Gordon Campbell | Parliament TV | Parliament Today | News Video | Crime | Employers | Housing | Immigration | Legal | Local Govt. | Maori | Welfare | Unions | Youth | Search

 

OP-ED: Enforce Electoral Laws – Let’s Do This!

The following is an op-ed (498 words) written by Taxpayers' Union Analyst Neil Miller.

Faced with a steadily growing number of electoral finance investigations by the Serious Fraud Office, Prime Minister Jacinda Ardern stared kindly into the camera and intoned, “we should be looking at the way our regime works. Clearly, it's not currently, so let's do something about that."

The Taxpayers’ Union could not agree more that we should “do something about that.” However, the “something” is not to change the rules again or argue they are unclear (which they are not). The real “something” is to actually enforce the law. These prosecutions are proof that the regime is finally starting to work.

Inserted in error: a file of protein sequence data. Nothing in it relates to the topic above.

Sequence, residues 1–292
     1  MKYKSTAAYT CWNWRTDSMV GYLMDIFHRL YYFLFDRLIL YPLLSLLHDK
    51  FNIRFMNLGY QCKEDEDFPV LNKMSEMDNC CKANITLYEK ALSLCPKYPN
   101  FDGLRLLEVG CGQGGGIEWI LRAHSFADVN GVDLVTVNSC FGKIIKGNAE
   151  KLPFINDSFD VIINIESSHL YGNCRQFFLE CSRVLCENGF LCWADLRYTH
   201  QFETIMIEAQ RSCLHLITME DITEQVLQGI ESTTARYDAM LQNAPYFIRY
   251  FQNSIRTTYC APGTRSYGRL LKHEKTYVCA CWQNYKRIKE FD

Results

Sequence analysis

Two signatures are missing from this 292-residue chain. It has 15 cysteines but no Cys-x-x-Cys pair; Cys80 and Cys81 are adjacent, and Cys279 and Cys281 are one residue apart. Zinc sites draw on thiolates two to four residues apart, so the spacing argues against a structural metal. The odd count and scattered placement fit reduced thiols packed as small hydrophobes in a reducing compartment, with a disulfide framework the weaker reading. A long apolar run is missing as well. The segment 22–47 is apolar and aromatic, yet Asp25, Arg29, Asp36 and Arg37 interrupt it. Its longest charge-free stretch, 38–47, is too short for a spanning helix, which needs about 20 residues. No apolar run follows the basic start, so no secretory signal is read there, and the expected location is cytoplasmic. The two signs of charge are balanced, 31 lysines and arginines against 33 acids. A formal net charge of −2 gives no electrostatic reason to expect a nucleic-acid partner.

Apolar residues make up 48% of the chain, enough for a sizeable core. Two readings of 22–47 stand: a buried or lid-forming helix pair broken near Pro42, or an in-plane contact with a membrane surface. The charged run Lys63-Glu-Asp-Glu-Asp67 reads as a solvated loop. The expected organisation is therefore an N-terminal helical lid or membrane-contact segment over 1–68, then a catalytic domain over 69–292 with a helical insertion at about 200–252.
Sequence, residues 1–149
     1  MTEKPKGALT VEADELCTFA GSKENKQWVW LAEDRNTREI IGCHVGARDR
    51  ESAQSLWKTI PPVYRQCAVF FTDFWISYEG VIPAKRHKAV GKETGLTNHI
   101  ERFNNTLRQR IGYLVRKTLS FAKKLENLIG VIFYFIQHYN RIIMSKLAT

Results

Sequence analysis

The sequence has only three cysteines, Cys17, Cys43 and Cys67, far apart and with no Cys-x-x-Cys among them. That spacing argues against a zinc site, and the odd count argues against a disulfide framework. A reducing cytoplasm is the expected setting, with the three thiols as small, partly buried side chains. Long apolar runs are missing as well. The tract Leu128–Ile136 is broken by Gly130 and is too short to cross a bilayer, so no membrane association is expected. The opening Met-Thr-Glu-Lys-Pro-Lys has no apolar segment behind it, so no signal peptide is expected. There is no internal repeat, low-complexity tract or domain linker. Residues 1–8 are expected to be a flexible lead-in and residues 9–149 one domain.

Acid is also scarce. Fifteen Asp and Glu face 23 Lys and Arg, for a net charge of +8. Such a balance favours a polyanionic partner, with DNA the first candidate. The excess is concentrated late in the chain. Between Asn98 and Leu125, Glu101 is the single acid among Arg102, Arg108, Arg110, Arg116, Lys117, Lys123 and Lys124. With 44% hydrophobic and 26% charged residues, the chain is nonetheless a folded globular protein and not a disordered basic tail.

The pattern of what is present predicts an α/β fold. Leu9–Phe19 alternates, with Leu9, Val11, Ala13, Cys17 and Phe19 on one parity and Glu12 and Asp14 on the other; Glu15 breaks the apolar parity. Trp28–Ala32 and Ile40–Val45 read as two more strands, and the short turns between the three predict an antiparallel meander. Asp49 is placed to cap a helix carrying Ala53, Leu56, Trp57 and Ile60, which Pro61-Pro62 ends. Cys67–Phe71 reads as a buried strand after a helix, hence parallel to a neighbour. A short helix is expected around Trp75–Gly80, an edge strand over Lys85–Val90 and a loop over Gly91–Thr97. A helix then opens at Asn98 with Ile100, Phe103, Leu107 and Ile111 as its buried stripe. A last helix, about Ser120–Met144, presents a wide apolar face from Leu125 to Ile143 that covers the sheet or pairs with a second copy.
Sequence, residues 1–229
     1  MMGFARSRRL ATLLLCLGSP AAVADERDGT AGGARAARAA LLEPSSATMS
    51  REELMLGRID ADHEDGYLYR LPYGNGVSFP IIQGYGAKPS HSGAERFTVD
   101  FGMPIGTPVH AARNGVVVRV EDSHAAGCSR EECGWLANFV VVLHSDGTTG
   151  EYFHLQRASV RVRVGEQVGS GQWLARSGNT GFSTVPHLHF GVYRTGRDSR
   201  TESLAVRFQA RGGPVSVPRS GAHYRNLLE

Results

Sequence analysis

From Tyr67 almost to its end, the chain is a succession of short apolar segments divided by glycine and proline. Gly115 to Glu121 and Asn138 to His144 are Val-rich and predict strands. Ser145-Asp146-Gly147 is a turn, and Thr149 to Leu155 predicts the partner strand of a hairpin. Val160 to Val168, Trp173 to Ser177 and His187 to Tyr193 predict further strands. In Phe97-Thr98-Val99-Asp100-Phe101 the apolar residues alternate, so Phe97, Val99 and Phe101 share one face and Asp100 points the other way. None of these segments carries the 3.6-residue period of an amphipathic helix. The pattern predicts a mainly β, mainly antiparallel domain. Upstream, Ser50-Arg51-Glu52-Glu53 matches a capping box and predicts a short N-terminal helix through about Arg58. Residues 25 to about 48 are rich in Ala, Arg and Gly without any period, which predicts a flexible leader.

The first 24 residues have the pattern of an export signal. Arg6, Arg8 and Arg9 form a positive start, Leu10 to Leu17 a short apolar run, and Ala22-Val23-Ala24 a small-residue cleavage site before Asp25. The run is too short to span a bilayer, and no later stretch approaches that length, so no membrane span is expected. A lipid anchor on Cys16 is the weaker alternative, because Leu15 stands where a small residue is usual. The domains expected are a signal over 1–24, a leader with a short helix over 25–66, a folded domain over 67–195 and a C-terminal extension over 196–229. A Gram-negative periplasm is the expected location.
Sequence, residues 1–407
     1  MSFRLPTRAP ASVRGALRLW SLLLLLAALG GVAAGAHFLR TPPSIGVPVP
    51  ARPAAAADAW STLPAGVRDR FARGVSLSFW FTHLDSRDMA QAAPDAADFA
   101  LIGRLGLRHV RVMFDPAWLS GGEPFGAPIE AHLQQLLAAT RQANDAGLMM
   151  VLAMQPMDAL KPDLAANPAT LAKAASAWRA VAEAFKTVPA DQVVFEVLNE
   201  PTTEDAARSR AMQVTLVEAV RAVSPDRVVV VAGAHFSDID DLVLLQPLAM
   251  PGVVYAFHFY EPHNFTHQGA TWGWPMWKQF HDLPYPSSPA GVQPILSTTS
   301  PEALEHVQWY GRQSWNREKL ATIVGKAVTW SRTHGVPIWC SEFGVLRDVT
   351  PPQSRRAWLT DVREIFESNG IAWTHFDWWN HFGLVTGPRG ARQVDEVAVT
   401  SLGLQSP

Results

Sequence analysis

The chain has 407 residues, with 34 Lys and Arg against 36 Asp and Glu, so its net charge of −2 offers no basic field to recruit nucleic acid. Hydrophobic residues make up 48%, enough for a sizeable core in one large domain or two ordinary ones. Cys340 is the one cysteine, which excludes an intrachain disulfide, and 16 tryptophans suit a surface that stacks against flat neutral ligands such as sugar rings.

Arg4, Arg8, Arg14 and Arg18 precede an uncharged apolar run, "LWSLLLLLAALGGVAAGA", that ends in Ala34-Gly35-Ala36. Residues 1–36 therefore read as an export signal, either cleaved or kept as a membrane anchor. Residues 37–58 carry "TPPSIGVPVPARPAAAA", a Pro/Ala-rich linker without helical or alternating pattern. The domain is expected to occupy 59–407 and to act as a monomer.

It is a terrible look for the Prime Minister to suggest that the electoral finance law needs to be changed so soon after her party has been charged. National was charged – the law was fine. New Zealand First was charged – the law was fine. Labour is charged and their ally the Māori Party is under investigation – the law is not working and needs to be changed. That is Banana Republic behaviour.

Of course, all parties are presumed innocent until found guilty of course, and all have pleaded innocence in relation to the charges.